Kevin Ahrens was the club’s first pick of the 2007 draft out of a Texas high school but he has fallen down the depth chart below both Arencibia and Jackson, two players drafted after him. Ahrens, like Jackson, struggled mightily in the second half of his first full pro season. Overall, he hit .259/.329/.367 with five home runs in 460 at-bats. Defensively, he is still getting accustomed to manning third base after playing shortstop in high school.

Antonio Jimenez and Carlos Perez highlight a deep crop of catchers in the lower levels of the system. Jimenez was selected out of a Puerto Rico high school during the 2008 draft, while Perez was a quiet Latin America signing in 2007. Jimenez appeared in just 19 games after signing and hit .191/.255/.234. His defense is considered ahead of his bat and he is very athletic for a catcher (He stole five bases in seven attempts). Perez opened some eyes in his first pro season in the Dominican Summer League in 2008 and hit .306/.459/.378 in 196 at-bats. He also walked 52 times with just 28 strikeouts. His defense is not as strong as Jimenez’ but he is good enough to remain behind the dish long term.

The organization significantly improved its middle infield depth with the 2008-09 signings of Gustavo Pierre, Garis Pena and Nick Bidois. Both Pierre and Pena were signed out of Latin America for six-figure contracts, while Bidois was inked out of Australia. All three teenagers will move slowly and Pierre had Tommy John surgery during the off-season.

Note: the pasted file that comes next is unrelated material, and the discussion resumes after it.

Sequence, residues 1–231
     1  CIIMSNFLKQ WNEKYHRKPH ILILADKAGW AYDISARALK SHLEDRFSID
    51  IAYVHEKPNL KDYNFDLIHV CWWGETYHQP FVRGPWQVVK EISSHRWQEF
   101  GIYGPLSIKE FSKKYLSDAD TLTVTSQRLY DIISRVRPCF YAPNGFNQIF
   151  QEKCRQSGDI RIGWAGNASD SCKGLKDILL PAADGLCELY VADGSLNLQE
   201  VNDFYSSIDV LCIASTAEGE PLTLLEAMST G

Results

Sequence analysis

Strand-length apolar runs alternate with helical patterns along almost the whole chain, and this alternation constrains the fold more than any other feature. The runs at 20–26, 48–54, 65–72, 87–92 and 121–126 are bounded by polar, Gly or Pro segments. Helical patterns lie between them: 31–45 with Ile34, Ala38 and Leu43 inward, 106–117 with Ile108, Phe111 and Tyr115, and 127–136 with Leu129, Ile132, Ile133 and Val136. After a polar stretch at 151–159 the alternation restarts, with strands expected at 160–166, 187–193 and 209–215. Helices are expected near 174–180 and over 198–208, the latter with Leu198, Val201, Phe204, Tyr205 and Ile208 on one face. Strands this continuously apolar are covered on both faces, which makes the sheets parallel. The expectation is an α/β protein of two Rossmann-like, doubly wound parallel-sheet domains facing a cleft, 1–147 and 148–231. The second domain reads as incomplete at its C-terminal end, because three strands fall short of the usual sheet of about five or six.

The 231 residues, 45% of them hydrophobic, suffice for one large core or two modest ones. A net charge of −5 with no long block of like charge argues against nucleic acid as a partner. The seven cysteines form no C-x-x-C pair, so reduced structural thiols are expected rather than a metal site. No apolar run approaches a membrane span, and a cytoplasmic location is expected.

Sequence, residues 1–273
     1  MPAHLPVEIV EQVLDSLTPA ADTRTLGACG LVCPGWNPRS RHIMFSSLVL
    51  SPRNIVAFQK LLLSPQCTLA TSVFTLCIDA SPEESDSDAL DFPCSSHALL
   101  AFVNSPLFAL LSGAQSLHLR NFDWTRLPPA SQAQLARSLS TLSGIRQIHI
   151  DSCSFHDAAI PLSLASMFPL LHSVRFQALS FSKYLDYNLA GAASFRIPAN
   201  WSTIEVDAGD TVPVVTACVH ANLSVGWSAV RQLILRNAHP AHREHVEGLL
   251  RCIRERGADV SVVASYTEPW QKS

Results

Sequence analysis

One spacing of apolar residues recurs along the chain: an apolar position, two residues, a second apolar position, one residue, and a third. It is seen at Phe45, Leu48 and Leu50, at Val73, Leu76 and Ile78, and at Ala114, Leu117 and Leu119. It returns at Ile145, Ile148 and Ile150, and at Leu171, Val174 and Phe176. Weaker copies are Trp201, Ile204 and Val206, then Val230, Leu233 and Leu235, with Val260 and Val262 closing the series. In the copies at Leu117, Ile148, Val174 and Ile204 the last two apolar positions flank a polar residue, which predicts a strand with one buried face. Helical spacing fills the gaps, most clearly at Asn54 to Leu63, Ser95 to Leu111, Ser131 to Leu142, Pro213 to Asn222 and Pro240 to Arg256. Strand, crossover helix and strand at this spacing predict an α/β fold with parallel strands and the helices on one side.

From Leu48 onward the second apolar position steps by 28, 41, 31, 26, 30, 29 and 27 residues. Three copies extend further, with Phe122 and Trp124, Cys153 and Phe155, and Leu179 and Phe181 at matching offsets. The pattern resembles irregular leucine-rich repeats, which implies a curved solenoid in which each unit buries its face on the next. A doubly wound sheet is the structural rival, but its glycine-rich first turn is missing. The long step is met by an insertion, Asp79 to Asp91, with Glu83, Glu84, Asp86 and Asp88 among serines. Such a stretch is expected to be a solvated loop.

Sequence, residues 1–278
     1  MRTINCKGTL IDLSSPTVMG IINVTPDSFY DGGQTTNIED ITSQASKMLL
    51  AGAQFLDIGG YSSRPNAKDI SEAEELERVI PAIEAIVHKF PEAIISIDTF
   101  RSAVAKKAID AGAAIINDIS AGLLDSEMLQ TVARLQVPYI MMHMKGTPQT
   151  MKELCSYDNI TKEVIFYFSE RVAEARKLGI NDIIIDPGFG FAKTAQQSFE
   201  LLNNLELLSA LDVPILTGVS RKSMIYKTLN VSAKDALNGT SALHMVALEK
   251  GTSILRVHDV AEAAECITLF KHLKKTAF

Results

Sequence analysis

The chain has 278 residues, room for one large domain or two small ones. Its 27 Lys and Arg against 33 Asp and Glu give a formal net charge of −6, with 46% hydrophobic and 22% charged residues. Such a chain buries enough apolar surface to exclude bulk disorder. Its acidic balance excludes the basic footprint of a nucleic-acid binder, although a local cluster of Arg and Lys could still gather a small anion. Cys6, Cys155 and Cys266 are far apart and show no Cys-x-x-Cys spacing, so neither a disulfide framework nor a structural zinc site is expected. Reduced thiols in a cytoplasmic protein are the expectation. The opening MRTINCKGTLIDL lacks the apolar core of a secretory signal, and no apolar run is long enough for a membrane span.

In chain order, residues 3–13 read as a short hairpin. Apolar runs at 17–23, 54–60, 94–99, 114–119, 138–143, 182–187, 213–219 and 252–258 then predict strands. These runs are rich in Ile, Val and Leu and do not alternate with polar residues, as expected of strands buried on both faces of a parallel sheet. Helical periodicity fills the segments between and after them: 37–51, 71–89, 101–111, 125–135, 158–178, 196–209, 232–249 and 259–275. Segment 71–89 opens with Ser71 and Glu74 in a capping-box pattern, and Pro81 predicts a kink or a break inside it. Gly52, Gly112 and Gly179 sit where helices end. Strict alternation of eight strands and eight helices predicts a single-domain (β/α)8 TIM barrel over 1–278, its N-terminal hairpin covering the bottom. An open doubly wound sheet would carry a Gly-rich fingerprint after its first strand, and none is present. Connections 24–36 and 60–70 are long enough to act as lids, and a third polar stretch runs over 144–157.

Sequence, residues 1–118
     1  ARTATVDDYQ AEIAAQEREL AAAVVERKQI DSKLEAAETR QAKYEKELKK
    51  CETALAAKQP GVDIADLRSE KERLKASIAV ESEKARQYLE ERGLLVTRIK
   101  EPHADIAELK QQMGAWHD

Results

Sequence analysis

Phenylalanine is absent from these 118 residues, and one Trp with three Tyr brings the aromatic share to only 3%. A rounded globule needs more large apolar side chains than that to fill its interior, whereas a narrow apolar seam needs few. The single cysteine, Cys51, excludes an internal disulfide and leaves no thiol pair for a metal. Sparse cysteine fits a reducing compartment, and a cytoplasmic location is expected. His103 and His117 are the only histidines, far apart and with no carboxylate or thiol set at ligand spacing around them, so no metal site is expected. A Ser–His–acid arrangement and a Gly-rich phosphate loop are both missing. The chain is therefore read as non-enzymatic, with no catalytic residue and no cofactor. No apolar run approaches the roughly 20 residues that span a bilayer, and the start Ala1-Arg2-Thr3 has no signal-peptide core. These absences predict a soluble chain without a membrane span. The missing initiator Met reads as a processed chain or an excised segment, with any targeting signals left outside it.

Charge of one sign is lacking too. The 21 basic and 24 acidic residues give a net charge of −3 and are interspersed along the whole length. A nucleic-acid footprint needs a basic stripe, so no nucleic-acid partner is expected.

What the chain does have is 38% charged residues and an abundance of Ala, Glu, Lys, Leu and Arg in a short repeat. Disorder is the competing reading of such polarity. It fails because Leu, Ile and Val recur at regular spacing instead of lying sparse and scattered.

Up Next: The Atlanta Braves

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Marc Hulet has been writing at FanGraphs since 2008. His work focuses on prospects and fantasy. Follow him on Twitter @marchulet.

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Matt B.
Matt B.

Travis Snider reminds me of an Adam Dunn/Travis Hafner type if he can reach his full potential (when Hafner was on juice of course). He has a lot of athletic ability in that big body so he won’t kill a team with his glove either. He will rack up K’s, BB’s (eventually) and HRs in the next 2-3 seasons. I think he’ll smack 20 HRs this year as well with about a .265-275 avg.


A big body? Snider is a cube.

Matt B.
Matt B.

He came into camp not looking nearly as “linebacker” ish.